This second amended complaint named McWilliams and Rickman as defendants, continued to name First Doe, Second Doe and Third Doe as fictitiously named defendants, dropped Black and White Company as a fictitiously named defendant, and, in its place, substituted the appellant. This complaint continued to name McWilliams as the driver of the car and Rickman as the owner, and charged that McWilliams was driving with the consent and knowledge of Rickman. The complaint contains these two alllegations:

"III.

"That plaintiff has joined the defendants FIRST DOE, SECOND DOE, and THIRD DOE for the reason that he does not know their true names and if it develops that they or any of them were the owners of said automobile or controlled same at the time said injuries were sustained, that plaintiff may when the true names of said defendants be ascertained insert said true names in his complaint with apt and proper words to charge said defendants.

"III-A.

"That plaintiff is informed and believes and therefore alleges that Western Loan & Building Co. is now and at all times herein mentioned was a corporation authorized to do business in the State of California; that at the time of the accident hereinafter mentioned defendant James E. McWilliams was in the employ of said corporation and was acting in the course and scope of his said employment."

As already indicated, it is the theory of appellant that the trial court committed error in allowing respondent to amend its complaint and name it as a party defendant after the statute of limitations had run, and, that in any event, the second amended complaint stated a new and different cause of action against appellant after the statute had run.

[1] The real question presented is whether the John Doe and Black and White Company allegations in the original and amended complaints indicated, with reasonable certainty, that respondent was seeking relief against any employer of McWilliams, whoever he or it might be. If so, the substituting of the name of appellant after the statute of limitations had run, and the insertion of the proper charging allegations, was proper. Section 474 of the Code of Civil Procedure provides: [42 Cal. App. 2d 231]

"When the plaintiff is ignorant of the name of a defendant, he must state that fact in the complaint, and such defendant may be designated in any pleading or proceeding by any name, and when his true name is discovered, the pleading or proceeding must be amended accordingly."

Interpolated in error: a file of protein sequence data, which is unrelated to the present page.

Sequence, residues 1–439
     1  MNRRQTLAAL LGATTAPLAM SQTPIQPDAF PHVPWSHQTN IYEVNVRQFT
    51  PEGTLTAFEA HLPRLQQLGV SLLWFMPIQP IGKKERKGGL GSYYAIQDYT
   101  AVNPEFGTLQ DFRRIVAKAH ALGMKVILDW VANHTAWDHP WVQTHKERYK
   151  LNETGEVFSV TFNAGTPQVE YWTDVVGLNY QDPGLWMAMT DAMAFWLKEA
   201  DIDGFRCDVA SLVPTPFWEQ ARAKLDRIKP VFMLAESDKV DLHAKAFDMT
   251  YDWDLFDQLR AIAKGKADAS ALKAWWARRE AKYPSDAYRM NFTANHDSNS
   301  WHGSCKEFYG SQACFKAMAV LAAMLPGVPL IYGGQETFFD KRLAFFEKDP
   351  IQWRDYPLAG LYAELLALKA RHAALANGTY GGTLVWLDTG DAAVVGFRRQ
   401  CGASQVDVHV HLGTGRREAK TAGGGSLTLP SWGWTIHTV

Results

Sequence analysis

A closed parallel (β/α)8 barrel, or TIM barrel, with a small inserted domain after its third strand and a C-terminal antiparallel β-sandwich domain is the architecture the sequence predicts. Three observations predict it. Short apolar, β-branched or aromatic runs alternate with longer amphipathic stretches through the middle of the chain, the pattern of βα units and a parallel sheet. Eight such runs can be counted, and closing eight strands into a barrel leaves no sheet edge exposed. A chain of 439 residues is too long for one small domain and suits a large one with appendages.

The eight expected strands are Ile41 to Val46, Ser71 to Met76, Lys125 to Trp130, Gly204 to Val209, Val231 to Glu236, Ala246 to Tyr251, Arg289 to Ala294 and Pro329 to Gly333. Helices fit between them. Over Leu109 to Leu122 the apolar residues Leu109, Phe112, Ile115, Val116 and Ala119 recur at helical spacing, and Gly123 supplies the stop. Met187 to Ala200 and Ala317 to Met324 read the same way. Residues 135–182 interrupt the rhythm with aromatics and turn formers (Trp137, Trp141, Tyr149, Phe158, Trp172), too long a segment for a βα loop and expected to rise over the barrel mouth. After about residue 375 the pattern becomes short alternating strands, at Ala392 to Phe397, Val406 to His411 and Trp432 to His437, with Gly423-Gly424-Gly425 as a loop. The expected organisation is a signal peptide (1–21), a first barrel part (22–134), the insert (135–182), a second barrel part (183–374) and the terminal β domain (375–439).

In Hoffman v. Keeton, 132 Cal. 195 [64 P. 264], the plaintiff brought an action against Keeton and John Doe to foreclose a mortgage. Before the commencement of the action Keeton had conveyed an undivided half of the mortgaged premises to Sinsheimer. After the note and mortgage were barred by the statute of limitations, the name of Sinsheimer was substituted for that of John Doe. Sinsheimer pleaded the statute, and appealed. The court stated the rule applicable as follows (p. 196): "The claim that the action was barred by the statute is based on the assumption that the defendant Sinsheimer became a party only at the date of the order substituting his name for that of John Doe; which was more than four years after the note and mortgage became due. But this assumption is incorrect. He was sued by the name of John Doe, and 'was a party to the action from its commencement.' (Farris v. Merritt, 63 Cal. 118.) There is nothing to show that the plaintiff knew the true name of the fictitious defendant sued; nor can the objection that he might have learned by searching the records be entertained. (Irving v. Carpenter, 70 Cal. [23] 25, 27 [11 P. 391].)"

But appellant urges that the first two complaints charged McWilliams as driver, and Rickman as owner, while the second amended complaint for the first time sought to allege against it a cause of action based on the doctrine of respondeat superior. It is urged, therefore, that this second amended complaint states a new and different cause of action from that contained in the earlier complaints. Before directly discussing this question, the general rules concerning the filing of amended pleadings after the statute of limitations has run should be mentioned. [2, 3] It is well-settled that, where the original complaint has been filed within the statutory period, an amended complaint may be filed after the statute has run as long as it does not state a new or different cause of action from that appearing in the original complaint. Stated another way, if the original complaint defectively states a cause of action, it may be amended after the running [42 Cal. App. 2d 232] of the statute as long as the cause of action stated in the amended pleading can trace its descent from the original pleading.